In one of its most important environmental decisions in years, the Supreme Court on Monday ruled that the Environmental Protection Agency has the authority to regulate heat-trapping gases in automobile emissions. The court further ruled that the agency could not sidestep its authority to regulate the greenhouse gases that contribute to global climate change unless it can provide a scientific basis for its refusal.
The 5-4 decision was a strong rebuke to the Bush administration, which has maintained that it does not have the right to regulate carbon dioxide and other greenhouse gases under the Clean Air Act, and that even if it did, it would not use the authority. The ruling does not force the EPA to regulate auto emissions, but it would almost certainly face further legal action if it fails to do so.
Writing for the majority, Justice John Paul Stevens said the only way the agency could "avoid taking further action" now is "if it determines that greenhouse gases do not contribute to climate change" or provides a good explanation why it cannot or will not find out whether they do.
Beyond the specific context for this case — so-called "tailpipe emissions" from cars and trucks, which account for about one-fourth of the country's total greenhouse gas emissions — the decision is highly likely to have a broader impact on the debate over government efforts to address global warming.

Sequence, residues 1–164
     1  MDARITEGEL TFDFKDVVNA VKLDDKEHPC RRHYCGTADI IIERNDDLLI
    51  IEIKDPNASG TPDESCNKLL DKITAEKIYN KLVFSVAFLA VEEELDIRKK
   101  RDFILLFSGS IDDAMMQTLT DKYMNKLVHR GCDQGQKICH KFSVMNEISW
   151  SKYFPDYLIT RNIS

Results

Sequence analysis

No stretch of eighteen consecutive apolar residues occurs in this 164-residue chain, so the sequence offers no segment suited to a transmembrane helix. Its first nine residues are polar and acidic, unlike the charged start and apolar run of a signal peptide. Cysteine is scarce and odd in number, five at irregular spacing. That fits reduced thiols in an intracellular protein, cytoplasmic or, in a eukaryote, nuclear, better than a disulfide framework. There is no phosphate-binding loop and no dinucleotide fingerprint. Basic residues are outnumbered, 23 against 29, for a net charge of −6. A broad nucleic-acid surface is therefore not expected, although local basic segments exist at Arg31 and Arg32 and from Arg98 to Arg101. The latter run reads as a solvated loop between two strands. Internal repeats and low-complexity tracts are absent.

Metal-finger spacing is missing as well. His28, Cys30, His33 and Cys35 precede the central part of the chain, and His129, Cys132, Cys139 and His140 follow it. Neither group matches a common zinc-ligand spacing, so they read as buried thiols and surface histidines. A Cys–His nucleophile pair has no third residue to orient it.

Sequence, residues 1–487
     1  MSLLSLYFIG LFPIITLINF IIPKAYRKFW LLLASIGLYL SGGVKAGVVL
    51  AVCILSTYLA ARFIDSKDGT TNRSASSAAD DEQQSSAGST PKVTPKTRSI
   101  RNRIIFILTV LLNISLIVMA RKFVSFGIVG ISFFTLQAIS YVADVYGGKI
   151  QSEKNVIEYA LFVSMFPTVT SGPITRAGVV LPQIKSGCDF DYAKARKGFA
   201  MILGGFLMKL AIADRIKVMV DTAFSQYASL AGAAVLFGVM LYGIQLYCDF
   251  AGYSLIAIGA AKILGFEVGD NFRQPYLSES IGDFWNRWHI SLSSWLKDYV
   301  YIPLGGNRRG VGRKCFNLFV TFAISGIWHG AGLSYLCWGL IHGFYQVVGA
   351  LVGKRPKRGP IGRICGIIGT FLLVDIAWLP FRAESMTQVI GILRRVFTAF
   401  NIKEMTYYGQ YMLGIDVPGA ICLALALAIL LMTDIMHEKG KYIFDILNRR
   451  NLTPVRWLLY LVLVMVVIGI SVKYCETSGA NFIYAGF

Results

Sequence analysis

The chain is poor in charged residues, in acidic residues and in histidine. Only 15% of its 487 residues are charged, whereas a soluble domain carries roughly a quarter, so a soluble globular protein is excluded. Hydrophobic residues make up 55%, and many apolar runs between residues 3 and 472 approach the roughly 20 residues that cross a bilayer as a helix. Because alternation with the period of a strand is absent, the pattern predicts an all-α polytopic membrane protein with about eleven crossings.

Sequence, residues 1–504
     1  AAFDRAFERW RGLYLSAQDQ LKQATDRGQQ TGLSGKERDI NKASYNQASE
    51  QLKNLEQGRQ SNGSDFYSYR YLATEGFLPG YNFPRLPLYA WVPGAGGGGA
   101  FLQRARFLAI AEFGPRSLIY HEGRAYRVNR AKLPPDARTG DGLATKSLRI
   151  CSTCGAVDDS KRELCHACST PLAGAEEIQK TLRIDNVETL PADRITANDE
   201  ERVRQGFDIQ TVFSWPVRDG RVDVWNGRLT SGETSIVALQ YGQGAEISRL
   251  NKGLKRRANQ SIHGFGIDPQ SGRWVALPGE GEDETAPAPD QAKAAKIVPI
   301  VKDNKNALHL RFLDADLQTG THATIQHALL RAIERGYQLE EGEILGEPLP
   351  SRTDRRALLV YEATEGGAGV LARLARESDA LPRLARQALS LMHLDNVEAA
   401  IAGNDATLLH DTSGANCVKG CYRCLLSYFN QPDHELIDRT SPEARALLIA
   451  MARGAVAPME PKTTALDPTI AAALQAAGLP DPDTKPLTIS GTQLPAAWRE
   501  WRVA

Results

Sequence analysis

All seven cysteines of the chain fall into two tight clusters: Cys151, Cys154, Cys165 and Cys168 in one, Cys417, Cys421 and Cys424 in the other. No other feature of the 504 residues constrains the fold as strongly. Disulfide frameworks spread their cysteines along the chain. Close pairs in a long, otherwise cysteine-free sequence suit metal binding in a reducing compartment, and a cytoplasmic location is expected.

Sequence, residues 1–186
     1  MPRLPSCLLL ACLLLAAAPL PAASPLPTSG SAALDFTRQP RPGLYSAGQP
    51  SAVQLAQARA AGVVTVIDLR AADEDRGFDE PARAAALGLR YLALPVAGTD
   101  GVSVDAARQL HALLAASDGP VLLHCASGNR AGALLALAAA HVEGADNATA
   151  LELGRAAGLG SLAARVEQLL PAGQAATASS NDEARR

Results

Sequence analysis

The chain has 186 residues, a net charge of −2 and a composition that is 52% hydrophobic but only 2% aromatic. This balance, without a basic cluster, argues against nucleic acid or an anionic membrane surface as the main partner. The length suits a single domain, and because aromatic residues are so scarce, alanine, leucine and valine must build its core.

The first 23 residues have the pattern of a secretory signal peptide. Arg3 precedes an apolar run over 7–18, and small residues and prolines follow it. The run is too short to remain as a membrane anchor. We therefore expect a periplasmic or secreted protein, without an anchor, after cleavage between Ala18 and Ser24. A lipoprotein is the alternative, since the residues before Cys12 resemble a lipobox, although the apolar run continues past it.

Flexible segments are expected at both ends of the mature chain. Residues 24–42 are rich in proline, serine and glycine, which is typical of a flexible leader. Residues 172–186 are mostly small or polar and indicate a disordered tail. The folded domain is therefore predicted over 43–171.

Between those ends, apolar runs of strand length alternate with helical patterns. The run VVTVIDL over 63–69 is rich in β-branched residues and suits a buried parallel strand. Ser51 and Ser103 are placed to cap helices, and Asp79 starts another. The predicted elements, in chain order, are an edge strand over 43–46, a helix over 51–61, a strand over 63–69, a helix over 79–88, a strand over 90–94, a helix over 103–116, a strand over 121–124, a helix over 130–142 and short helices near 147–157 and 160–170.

Court cases around the country had been placed on hold to await the decision in this case. Among them is a challenge to the EPA's refusal to regulate carbon dioxide emissions from power plants, now pending in the federal appeals court here. Individual states, led by California, are also moving aggressively into what they have seen as a regulatory vacuum.
Stevens, joined by Justices Anthony M. Kennedy, David H. Souter, Ruth Bader Ginsburg and Stephen G. Breyer, said that by providing nothing more than a "laundry list of reasons not to regulate," the Environmental Protection Agency had defied the Clean Air Act's "clear statutory command." He said a refusal to regulate could be based only on science and "reasoned justification," adding that while the statute left the central determination to the "judgment" of the agency's administrator, "the use of the word 'judgment' is not a roving license to ignore the statutory text."
The court decided a second Clean Air Act case on Monday, adopting a broad reading of the EPA's authority over factories and power plants that add capacity or make renovations that increase emissions of air pollutants. In doing so, the court reopened a federal enforcement effort against the Duke Energy Corp. under the Clean Air Act's "new source review" provision. The vote in the second case, Environmental Defense v. Duke Energy Corp., was 9-0.
The two decisions left environmental advocates exultant. Many said they still harbored doubts about the federal agency and predicted that the decision would help push the Democratic-controlled Congress to address the issue. Even in the nine months since the Supreme Court agreed to hear the case, Massachusetts v. Environmental Protection Agency, and accelerating since the elections in November, there has been a growing interest among industry groups in working with environmental organizations on proposals for emissions limits.